By The Playlist Staff | The Playlist August 2, 2012 at 2:02PM
5 Great Living, Still-Working Directors
Probably the most surprising absence from the Top 50, certainly in terms of directors who are still active, the cult around Terrence Malick only grew in his near-twenty-year absence from filmmaking, between "Days of Heaven" and "The Thin Red Line." And even into his recent (relatively) prolific patch, he's been an absolute critical darling. While it was divisive, "The Tree of Life" inspired some passionate critical raves and indeed, many had tipped it to crack the list. But not only did that film fail to make the cut (which we'd expected), but his four earlier films, from 1973's "Badlands" to 2006's "The New World," were also nowhere to be found. Few would argue that the films are not extraordinary (even the less-well regarded "The New World") but we wonder if the lack of a single film to get behind was what kept him out. "Days Of Heaven" is the most obvious critical favorite, but we can see the votes being split fairly evenly among the others. Other directors on the list had more than one film, but those have one obvious frontrunner that collects the most votes (Hitchcock's "Vertigo," Godard's "Breathless"). With Malick, it may be that no one film stood out from the pack, and as such, the director might have to wait a little longer for cinephile recognition. With three films due in the next few years, there'll be plenty more opportunities to cement his standing on the list.
It was only a few months ago that Michael Haneke became one of only seven directors to win the Palme d'Or twice times at Cannes, the world's most prestigious film festival. He took the prize with two consecutive films (2009's "The White Ribbon," and this year's "Amour") and he also earned Best Director in 2005 for "Cache." And really, the Austrian helmer has been on an extraordinary run for a couple of decades: ever since his international breakout "Funny Games" in 1997, virtually every one of his films (bar the redundant English-language "Funny Games" remake in 2008) has numbered among the best of that year. And yet not one of Haneke's films made the Top 50. In some respects, it's not surprising: only three of the fifty were released since Haneke became internationally renowned, and this year's Palme d'Or win might have suggested to critics still compiling their lists that the director's best work might still be ahead of him. It may also be that, as with Malick, no one film has had the time to emerge as the consensus critical favorite: "Funny Games," "Code Unknown," "The Piano Teacher," "Time of the Wolf," "Cache" and "The White Ribbon" all have their advocates, and it may be that the next decade will see one of 70-year-old Haneke's films come to critical prominence. But given that he might be the most influential filmmaker in world cinema right now (just look at something like "Martha Marcy May Marlene" to see his stamp), it's still a little surprising not to see him make the cut.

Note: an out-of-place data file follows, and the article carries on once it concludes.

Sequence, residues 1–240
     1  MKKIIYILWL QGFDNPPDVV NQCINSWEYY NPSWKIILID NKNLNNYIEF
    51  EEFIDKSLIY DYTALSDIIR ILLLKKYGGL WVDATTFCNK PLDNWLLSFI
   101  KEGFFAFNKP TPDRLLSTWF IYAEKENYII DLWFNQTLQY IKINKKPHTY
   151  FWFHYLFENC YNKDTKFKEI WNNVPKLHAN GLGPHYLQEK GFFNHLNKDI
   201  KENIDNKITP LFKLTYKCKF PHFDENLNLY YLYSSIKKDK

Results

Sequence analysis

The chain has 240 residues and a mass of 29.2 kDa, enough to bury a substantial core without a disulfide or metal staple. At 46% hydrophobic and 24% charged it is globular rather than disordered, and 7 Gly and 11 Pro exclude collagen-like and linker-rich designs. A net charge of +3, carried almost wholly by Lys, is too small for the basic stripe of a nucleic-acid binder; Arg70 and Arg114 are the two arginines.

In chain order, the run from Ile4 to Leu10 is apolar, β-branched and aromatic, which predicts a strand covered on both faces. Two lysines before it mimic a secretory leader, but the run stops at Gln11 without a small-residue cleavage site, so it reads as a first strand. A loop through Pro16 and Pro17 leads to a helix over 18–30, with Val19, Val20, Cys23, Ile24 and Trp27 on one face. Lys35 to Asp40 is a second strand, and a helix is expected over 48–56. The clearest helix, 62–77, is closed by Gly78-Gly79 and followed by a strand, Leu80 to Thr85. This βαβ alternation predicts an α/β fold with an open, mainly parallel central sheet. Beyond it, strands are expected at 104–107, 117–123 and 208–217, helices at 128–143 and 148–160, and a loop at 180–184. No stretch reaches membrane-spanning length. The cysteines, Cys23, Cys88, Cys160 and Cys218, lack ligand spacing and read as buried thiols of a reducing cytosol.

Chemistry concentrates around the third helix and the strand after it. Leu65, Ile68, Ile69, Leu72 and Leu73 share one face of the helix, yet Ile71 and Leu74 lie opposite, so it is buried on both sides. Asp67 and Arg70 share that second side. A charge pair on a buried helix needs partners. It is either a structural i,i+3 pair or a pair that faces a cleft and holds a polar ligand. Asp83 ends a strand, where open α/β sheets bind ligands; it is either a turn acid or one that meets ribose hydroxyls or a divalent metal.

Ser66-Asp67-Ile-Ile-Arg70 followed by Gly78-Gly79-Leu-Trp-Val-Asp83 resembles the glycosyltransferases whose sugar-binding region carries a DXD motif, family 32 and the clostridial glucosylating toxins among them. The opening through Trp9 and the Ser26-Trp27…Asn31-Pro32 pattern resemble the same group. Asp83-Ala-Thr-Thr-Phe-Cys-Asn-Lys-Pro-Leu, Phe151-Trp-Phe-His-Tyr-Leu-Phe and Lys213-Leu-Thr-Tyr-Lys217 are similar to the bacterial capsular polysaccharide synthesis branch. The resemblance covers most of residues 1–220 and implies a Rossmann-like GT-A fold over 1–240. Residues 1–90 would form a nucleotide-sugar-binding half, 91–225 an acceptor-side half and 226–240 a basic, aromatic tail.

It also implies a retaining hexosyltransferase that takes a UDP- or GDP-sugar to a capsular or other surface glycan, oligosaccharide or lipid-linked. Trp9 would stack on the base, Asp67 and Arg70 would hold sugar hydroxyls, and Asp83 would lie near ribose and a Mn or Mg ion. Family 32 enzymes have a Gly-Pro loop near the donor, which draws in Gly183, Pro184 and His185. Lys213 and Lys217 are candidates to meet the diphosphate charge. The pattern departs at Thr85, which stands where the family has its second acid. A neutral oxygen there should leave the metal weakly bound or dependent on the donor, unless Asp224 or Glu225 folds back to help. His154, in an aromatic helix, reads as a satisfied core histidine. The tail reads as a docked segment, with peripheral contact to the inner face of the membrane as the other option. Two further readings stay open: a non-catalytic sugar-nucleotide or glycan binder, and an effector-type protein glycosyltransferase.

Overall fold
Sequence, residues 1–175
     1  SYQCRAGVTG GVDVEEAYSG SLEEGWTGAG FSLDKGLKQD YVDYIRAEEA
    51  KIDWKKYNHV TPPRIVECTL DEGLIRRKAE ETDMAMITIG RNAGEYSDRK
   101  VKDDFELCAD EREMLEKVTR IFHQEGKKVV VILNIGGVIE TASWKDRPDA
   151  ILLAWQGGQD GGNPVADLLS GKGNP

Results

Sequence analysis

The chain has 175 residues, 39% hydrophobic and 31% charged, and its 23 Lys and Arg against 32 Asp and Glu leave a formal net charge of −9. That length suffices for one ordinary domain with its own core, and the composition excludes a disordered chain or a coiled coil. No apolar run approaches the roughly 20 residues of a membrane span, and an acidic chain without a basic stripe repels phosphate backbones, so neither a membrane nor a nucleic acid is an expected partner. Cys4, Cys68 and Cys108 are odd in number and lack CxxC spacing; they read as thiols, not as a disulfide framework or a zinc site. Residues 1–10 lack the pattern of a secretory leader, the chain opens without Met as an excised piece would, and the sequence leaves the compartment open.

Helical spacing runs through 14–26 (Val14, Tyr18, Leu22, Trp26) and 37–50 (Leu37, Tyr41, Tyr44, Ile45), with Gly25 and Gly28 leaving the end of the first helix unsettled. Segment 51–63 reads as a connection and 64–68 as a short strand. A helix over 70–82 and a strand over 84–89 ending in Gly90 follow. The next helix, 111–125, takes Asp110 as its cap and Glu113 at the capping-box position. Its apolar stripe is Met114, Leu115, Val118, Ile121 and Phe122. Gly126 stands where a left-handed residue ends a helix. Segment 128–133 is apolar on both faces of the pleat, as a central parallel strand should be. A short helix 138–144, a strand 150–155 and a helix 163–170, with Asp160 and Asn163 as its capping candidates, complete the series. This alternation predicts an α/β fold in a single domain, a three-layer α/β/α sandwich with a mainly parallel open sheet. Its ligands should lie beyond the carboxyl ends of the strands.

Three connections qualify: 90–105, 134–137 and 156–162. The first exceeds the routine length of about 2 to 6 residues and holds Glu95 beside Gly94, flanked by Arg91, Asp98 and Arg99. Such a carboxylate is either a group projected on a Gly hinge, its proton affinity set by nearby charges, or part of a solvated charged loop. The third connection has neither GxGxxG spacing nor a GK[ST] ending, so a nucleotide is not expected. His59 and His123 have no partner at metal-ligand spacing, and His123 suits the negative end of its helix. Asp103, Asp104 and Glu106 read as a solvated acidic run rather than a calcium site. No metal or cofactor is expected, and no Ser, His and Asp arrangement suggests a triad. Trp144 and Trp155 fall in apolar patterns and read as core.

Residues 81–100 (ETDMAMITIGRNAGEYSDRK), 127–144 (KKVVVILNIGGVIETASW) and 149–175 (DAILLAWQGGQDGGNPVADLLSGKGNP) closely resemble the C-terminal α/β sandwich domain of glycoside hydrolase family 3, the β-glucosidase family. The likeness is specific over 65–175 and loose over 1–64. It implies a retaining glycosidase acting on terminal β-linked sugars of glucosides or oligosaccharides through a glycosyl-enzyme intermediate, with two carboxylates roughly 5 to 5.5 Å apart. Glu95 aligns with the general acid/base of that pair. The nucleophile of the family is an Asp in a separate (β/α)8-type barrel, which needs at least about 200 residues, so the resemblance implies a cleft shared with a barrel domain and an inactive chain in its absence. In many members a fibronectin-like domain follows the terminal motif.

These days, Spanish helmer Pedro Almodóvar is one of the most respected filmmakers in the world, an Oscar winner whose films have become Cannes mainstays and who's capable of attracting almost any talent that he'd like, despite having never made a film in the English language. But his global reputation is all the more remarkable considering just how challenging his fare can be. His violent, sexual taboo-pushing early work is the most obvious example, but throughout his career his interest in gay issues, Sirk-ian melodrama, explicit sex and obsessive behavior has hardly been the kind of thing that usually makes the chattering classes line up around the block. But it's the quality of his work, the way that his films are weirder, sexier, wittier, more puzzling, more moving and richer than 95% of the stuff that sees the inside of theaters, that's made him one of the most beloved filmmakers working. And there's barely a bad film in his canon, particularly in the extraordinary run of films since 1997's "Live Flesh." And yet none have cracked Sight & Sound's list. While our own favorite of his, 2007's "Volver," is probably too new to judge whether it'll stand the test of time, some of his most acclaimed films like 1999's "All About My Mother" and especially 2002's "Talk To Her" (which Time named among the Top 100 Movies Of All Time in 2005), didn't make the crop either. Are his films, like Fassbinder, too vulgar, too sexual, and not serious enough for the critical establishment? Or is it simply a matter of letting time pass a little?